Kazakhstan Facts

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Discover Kazakhstan facts about its rich culture, diverse landscapes, and dynamic history. Learn about Kazakhstan’s traditions, cuisine, and the unique blend of modernity and heritage shaping the largest landlocked country in the world.

Kazakhstan facts with images

Interesting Kazakhstan Facts

Kazakhstan is like a giant treasure chest in Central Asia, filled with cool surprises! Did you know it’s so big it’s the ninth-largest country in the world? Imagine a land where you can find snow-capped mountains, vast deserts, and a space launch site. Plus, Kazakhstan is home to over 120 different animals, and some, like the snow leopard, are super rare and extra special.

Keep reading to learn interesting facts that you likely didn’t even know! If you learn learning about facts about countries, be sure to check out our 100 Best Facts About Canada for Kids, and Facts about El Salvador.

Kazakhstan facts

Facts About Kazakhstan

  • Kazakhstan is one of the few transcontinental countries in the world.
  • The first artificial satellite (Sputnik 1) and the first man (Yuri Gagarin) were sent into space from Baikonur Cosmodrome located in Kazakhstan.
  • The Kazakhs were not in the majority at the time of their independence in 1991.
  • Kazakhstan celebrates three New-Years.
  • The world’s biggest and oldest space launch facility is in Kazakhstan.
  • Kazakhstan fought with the UK and US in both world wars.
  • Kazakh men do not shake hands with women.
  • The Kazakh Naval Forces operate on the Caspian Sea, a massive inland sea that is technically a lake as it is not connected to the ocean. 
  • Kazakhstan is the world leader in uranium mining.
  • Kazakhstan connected the earth to outer space.
  • Kazakhstan means Land of Wanderers.
  • The border between Russia and Kazakhstan is the longest continuous land border in the world (7512.8 kilometers).
  • More than 99 elements of Mendeleyev’s periodic table can be found in the country.
  • The United States was the first nation to recognize Kazakhstan as a sovereign state, shortly after it declared independence in December 1991.
  • Shubat (fermented camel’s milk) is also available to buy.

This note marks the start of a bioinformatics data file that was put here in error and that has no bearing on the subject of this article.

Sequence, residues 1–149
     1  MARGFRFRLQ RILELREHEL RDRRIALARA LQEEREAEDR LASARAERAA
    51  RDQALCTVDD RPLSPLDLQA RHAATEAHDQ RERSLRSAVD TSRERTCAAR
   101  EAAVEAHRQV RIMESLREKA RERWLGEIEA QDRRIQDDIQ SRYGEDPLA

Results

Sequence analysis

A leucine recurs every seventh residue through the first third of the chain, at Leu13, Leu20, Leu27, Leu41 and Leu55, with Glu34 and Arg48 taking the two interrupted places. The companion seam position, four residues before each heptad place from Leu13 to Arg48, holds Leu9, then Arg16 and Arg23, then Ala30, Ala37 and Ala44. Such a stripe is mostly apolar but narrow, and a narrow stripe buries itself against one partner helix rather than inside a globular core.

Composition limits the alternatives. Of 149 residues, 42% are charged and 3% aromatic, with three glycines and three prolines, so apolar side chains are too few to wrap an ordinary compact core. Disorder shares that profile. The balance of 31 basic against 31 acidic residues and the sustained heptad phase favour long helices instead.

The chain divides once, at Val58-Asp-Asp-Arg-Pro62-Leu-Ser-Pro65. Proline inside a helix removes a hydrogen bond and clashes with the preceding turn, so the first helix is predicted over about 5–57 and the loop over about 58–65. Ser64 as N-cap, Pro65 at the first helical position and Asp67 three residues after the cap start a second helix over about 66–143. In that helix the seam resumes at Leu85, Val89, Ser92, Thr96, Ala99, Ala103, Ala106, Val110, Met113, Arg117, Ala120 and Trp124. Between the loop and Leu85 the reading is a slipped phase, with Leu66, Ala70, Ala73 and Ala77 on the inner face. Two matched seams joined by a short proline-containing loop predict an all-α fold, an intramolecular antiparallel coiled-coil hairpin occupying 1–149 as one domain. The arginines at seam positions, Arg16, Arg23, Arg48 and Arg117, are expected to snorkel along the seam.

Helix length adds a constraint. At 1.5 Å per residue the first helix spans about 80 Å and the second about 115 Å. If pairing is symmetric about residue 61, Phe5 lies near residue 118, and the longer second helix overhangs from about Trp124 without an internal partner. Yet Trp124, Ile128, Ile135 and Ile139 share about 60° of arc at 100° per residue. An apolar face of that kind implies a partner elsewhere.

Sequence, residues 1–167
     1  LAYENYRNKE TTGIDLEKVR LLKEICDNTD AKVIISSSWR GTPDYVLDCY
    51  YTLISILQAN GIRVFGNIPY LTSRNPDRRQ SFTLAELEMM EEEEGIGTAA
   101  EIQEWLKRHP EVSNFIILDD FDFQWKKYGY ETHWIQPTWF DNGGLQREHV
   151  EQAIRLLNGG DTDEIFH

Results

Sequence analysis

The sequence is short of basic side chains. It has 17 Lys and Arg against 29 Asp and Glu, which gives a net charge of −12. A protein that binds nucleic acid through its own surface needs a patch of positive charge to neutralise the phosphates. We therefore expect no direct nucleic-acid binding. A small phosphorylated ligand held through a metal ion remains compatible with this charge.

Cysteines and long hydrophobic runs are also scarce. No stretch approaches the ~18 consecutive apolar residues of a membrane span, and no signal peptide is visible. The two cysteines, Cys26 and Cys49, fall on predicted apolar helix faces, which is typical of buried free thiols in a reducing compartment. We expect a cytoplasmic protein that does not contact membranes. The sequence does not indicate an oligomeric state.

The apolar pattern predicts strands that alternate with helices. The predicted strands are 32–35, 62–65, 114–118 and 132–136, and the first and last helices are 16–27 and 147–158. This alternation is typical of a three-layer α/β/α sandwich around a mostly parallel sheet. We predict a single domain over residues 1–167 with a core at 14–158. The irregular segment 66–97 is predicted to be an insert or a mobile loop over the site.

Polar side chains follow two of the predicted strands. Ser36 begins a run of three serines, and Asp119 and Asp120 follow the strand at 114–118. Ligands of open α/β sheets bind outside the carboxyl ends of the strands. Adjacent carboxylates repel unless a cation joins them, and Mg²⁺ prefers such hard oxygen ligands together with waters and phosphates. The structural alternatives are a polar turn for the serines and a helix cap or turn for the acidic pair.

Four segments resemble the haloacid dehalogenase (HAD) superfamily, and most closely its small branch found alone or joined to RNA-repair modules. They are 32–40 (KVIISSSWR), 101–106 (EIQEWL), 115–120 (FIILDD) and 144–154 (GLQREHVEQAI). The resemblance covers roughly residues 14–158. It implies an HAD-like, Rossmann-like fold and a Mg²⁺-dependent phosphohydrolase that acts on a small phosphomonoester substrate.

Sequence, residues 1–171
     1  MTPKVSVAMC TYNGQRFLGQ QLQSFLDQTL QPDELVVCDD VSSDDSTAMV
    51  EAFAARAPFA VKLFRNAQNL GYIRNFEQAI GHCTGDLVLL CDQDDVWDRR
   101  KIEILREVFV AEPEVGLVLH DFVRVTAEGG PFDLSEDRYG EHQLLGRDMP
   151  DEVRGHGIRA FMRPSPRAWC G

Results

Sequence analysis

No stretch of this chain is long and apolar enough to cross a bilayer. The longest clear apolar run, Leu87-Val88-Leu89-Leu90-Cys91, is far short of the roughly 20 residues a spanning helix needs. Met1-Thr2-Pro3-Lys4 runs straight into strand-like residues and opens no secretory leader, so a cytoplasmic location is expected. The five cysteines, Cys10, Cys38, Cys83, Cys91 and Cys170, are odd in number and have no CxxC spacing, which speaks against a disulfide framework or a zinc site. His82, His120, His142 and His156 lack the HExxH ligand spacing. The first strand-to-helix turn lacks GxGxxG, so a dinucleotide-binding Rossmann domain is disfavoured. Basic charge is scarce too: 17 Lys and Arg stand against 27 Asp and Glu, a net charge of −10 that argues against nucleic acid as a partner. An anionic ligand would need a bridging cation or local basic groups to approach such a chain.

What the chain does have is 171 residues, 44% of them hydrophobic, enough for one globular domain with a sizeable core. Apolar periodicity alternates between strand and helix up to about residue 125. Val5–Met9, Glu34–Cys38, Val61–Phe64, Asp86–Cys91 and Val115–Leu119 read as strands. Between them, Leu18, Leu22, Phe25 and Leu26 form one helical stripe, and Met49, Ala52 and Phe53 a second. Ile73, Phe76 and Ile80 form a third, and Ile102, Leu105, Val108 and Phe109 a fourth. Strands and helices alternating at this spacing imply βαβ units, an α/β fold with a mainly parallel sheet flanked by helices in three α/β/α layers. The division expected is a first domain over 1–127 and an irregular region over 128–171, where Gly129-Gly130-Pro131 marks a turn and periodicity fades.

• Kazakhstan renamed its capital city Astana to Nur-Sultan in honor of Nur-Sultan Nazarbayev, after he finally stepped down, aged 78, in 2019.
  • Kazakhstan’s national drink is Horse Milk.
  • Some Kazakhs still hold onto their traditional nomadic beliefs.
  • The Kazakh word for “dog” is pronounced “eat”.
  • Following independence, Kazakhstan was ruled by the same president, Nursultan Nazarbayev, for nearly 30 years.
Kazakhstan fact: about president
  • Beshbarmak is the country’s national dish.
  • Kazakhstan is rich in mineral resources. 
  • There are wild apple trees in Kazakhstan.
  • Berkut chi, or hunting with eagles, is an ancient sport still practiced in Kazakhstan. 
  • During the Second World War, every third bullet for the weapons of the Red Army was cast from metal mined in Kazakhstan.
  • The chimney of Ekibastuz GRES-2 is the highest in the world (420 meters).
  • Stan is an ancient Persian word meaning “land” or “nation,” and Kazakh means “wanderer,” “adventurer,” or “outlaw.”
  • The most popular dish in Kazakhstan is “Beshbarmak”.
  • Horse meat is always on the menu in Kazakhstan.
  • Kazakhstan also has vast oil reserves and is the world’s ninth-largest crude oil exporter.
  • Kazakhstan Time zone: UTC+05:00.
  • Russian word for money (“dengi”) comes from the Turkic word “tenge” – the name of the current currency of Kazakhstan.
  • Kazakhs often serve different cuts of meat to guests as symbolism: the tongue is served to someone who should be more eloquent, and children get the ears to help them listen better.